New New Orleans

Kirsten Watson Issue: Section:

“Nearly every house in Lakeview stands new and shiny while in the Ninth vast areas
of empty lots still stand empty waiting for a new house to fill the gaps”



This house sits alone where many used to stand – rebuilt and occupied – up against the levee wall that once failed it.

The N. Claiborne bridge over the Industrial Canal.

 

There are not many signs of this neighborhood coming back. But here is one.

 

The Bridge over the Industrial Canal hovers over this house.

 

The Brad Pitt Make It Right Houses in the Ninth are well on their way.
 
During my time driving around this neighborhood I literally saw only a small handful of rebuilt occupied houses that were not of Brad Pitt’s doing. There was, however, lots of activity over in his famous Make It Right project. The debris in the Ninth has been cleaned up and only a few destroyed houses still stand.

 

Enter Lakeview in 2005 after the water subsided– this is the first house I ever lived in. It is located at 6595 Wuerpel St. not far from the levee breeches.

 

The debris piles 2005.     West End Blvd. in Lakeview March 2010

 

A reminder of the early days after the storm. We lost almost every street sign and many residents got together and made their own street signs with their own special New Orleans flare. Each sign made was a different shape and painted with the street name on it. They still remain today despite the fact that new signs have been installed.

 

In 2005, my mom and I had tried to drive up to the Lakefront where Lake Pontchatrain is to see what we could see – we were greeted by gates and armed National Guards and promptly told to turn back around. I have not been up to the Lakefront since then. In 2010, you can drive through a very limited amount of the Lakefront and West End Park where the Municipal Yacht Harbor and the Southern Yacht Club remain. But at least you can go and sit by a segment of the lake. Lots of detours and construction going on though.

The Lakeview area is completely transformed 5 years later – almost every house has been either torn down and rebuilt or completely renovated and there are VERY few for sale signs in the yards. I have not been back here since I viewed the destruction back in December 2005. However, the difference between progress in Lakeview and the progress in the Lower 9 (the neighborhoods behind the Industrial Canal where another breech in our levee system occurred) is drastic.  Nearly every house in Lakeview stands new and shiny while in the Ninth vast areas of empty lots still stand empty waiting for a new house to fill the gaps.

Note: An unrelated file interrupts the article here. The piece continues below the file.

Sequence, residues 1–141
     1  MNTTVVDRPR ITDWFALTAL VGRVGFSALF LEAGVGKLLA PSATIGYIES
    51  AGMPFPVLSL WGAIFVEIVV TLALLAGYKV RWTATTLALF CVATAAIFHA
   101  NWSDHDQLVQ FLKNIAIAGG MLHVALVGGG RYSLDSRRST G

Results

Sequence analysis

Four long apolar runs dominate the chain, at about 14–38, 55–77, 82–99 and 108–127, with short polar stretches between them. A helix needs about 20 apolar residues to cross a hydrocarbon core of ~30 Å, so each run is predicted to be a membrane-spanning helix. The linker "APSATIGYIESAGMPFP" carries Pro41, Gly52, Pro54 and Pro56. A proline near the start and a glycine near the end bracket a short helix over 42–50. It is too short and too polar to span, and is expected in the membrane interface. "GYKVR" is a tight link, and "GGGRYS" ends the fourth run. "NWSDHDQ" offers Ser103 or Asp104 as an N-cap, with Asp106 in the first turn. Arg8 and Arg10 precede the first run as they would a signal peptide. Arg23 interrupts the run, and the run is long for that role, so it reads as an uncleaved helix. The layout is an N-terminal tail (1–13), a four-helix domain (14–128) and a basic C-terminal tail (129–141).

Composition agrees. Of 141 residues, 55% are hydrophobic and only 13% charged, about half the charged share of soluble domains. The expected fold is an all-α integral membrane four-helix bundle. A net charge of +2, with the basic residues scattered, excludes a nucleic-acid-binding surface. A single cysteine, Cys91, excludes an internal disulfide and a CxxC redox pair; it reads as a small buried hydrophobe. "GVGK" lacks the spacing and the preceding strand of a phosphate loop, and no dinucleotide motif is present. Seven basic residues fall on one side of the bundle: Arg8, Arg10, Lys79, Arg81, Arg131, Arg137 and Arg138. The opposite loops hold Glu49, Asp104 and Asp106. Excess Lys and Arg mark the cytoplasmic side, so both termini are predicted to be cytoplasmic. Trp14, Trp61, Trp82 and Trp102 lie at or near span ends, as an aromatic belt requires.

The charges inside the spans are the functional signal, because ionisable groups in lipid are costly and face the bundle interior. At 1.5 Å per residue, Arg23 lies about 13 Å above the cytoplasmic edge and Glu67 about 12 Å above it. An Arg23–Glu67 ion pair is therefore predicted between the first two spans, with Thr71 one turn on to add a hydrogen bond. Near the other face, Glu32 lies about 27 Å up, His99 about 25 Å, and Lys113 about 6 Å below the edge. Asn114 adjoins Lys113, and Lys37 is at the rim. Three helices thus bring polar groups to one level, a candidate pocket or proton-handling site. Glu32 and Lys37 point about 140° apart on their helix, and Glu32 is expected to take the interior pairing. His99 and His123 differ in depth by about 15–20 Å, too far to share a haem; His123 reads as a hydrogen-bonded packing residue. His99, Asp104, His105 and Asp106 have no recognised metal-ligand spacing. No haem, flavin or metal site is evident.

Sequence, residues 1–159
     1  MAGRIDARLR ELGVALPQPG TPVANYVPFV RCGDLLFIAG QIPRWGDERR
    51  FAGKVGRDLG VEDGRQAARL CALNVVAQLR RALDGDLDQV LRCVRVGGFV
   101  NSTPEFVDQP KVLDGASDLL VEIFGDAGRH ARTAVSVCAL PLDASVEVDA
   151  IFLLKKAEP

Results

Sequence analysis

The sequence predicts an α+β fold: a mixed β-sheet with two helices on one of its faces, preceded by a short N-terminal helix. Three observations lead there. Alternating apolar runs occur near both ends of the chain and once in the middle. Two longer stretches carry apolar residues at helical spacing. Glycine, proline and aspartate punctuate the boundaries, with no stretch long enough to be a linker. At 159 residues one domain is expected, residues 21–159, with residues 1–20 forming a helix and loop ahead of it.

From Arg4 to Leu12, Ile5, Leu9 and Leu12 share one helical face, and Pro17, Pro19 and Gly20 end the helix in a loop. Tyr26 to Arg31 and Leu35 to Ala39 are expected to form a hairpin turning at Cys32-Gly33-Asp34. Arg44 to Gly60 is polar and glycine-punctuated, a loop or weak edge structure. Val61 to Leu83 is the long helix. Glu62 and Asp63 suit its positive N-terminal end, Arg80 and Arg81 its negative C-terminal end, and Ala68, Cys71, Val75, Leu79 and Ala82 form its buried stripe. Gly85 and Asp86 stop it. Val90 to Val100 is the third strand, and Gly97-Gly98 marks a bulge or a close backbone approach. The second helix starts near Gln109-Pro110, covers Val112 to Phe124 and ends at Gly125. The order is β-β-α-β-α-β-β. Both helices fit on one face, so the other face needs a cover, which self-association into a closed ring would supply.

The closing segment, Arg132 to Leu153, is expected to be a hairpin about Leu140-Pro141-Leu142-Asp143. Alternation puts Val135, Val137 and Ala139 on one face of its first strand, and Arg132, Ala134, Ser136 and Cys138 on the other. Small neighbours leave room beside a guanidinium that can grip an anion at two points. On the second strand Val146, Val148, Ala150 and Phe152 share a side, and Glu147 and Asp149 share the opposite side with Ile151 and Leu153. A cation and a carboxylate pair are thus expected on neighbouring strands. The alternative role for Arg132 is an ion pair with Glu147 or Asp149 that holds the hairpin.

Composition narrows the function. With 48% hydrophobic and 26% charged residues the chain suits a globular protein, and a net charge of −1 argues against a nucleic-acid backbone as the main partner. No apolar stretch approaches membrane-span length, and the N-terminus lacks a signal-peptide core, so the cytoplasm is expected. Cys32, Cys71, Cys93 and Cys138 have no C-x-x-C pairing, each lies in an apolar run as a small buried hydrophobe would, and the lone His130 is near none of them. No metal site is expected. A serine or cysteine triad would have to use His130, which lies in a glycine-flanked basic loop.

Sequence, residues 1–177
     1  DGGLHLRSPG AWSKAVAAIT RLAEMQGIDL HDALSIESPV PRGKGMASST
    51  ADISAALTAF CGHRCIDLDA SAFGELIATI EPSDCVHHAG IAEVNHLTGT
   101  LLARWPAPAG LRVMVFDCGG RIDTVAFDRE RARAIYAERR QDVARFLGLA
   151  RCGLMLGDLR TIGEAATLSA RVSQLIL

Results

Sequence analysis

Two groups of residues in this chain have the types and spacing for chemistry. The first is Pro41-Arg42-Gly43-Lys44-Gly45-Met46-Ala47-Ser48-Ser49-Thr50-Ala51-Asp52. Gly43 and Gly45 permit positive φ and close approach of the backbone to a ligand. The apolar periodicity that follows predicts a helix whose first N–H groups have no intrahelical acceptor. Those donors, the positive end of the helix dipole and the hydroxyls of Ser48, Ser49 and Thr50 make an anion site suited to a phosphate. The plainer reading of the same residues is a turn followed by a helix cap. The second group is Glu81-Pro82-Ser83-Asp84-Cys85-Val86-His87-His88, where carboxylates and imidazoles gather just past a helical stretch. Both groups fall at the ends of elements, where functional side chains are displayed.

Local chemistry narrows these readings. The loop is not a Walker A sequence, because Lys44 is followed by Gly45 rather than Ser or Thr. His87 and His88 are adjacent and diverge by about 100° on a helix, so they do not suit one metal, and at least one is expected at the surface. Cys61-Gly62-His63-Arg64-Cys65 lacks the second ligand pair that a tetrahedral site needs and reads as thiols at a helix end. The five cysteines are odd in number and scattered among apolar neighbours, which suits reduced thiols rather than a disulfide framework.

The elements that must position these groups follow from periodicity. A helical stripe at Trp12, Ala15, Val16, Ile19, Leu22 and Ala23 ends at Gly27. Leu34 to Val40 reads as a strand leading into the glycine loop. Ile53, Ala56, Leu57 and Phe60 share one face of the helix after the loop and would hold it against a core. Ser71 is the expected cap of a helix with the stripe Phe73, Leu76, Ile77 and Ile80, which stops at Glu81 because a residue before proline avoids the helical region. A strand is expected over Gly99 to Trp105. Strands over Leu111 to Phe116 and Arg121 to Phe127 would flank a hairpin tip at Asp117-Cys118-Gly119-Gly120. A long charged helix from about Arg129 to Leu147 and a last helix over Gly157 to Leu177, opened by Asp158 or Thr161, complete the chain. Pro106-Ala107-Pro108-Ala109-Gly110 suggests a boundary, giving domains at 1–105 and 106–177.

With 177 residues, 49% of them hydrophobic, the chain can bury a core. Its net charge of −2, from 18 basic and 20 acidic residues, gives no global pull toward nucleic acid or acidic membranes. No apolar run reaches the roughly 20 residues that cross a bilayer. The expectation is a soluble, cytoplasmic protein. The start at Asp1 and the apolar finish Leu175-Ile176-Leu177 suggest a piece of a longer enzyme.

The Former Magnolia Housing Projects on Louisiana Ave.
 
A place of our past where one would not want to venture, the Magnolia was the stomping ground of a major criminal element. In 2010, it is now gone, privately owned and rebuilt and the results are amazing. I spoke with a site worker who advised me that in order to live here one does have to show proof of having a job and go through the application process. It will still be available to low income folks for about $350/ month but it is no longer Section 8 housing. A separate three story building that is located behind these will be for the elderly welfare recipients that lived here before the Magnolia was torn down and they will not have to hold jobs to be put back in.

Progress is being made on a daily basis. It is quick for some and slow for others but it is being made. New Orleans has risen again and hope can be seen throughout. I was fearful that our national recession would be the icing on the cake for my hometown – as if the hurricane and levee failures were not enough - but in my visits around town and in my conversations with my fellow New Orleanians I have been told that while the rest of the country is falling apart New Orleans has been booming. One individual told me that there are more jobs available in the city than there were even before Katrina came to visit. So, while many of our people have moved to other locations others have been flocking back, even those who did not reside there before, because now more than ever the Spirit of Louisiana is burning like a beacon in the night beckoning us to come and join her.

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